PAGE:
Babel by Mumford & Sons

Megan Poulos, Contributing Writer

Babel is defined as a confused noise, typically made by a number of voices.

If this album does not sound like your cup of tea in terms of music, fear not. Although the album title and cover art may advertise confusion, the sound and authenticity of the group Mumford & Sons could not be any clearer.

Upon first listening to the album, the sophomore album of the band, hardcore folk fans might be tempted to take up a washboard as an instrument, or run through a wheat field barefoot. However, for those of us who swim in the mainstream (and can appreciate an Ariana Grande song or two) heavy banjo use is not exactly appealing. Upon further inspection, Babel is much more than just some males harmonizing a century after barbershop quartets went out of style.

The songs on this album share a certain fluidity; one song naturally leads into the other in a way that gets the reader caught up in one long wave of melodious sound. This makes the listening experience easy and solidifies the clear style of sound Mumford & Sons is going for. This “sound” can be loosely defined as a folk soft-rock blend with the aforementioned heavy banjo use. This sound is extremely rare in top-charted music, and has become inextricably associated with the name Mumford & Sons.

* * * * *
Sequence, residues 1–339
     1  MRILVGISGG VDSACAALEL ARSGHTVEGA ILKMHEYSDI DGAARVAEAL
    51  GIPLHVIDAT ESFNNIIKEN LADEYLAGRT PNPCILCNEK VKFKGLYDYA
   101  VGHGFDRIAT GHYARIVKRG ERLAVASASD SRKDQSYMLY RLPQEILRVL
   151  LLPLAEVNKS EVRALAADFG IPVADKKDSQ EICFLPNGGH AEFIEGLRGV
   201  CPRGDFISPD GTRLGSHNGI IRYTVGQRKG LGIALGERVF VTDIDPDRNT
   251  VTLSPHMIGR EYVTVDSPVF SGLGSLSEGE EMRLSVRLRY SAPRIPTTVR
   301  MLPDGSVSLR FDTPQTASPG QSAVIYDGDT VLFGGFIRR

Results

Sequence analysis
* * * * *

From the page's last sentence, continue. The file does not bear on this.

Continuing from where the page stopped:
The bands’ characteristic style does have a downfall: repetition. The instrumental backdrop and vocalization, including basic harmonies and acoustic use, are nearly identical in every song. For those looking to see if the ease of Mumford & Son’s unique vocals and powerful acoustics is for them, one or two songs off the album is enough to get a full understanding of this band’s work. That being said, the songs present themselves in a way that is easily acceptable to lovers of all genres, with some softness, some rock, a touch of country, and lyrics that are both meaningful and relatable.

The most prominent example of this is “Babel,” the title track of the album. The song boasts a solid beat with a fair mix of the lead singer’s usual gruff belt and a bit of softness, this song is well regarded by fans as one of their best.

However, their third track of the album, “I Will Wait,” is by far the most popular. Packing a soft but powerful punch of fabulous melodies and an unusual but catchy beat, it should be no surprise that this song has the most commerciality. But it still appeals to the band’s uniqueness with banjo riffs and use of typical folk instruments. It is both fun and bright without being obnoxious, and could be played as easily on a sunny road trip as a barnyard stomp.

“Lover of the Light,” a middle of the album juggernaut, reveals a more tender side of the band, still featuring a booming chorus, but also soulful lyrics with moments of peaceful acoustics accompanied by the fitting voice of folksy lead singer, Marcus Mumford. The song does an excellent job of building in tonal quality and leading up to bursts of musical accompaniment and roaring vocals.

As a whole, this album is an excellent culmination of the band’s acoustic strengths and uniqueness, but also telling of Mumford & Sons’ one-trick nature.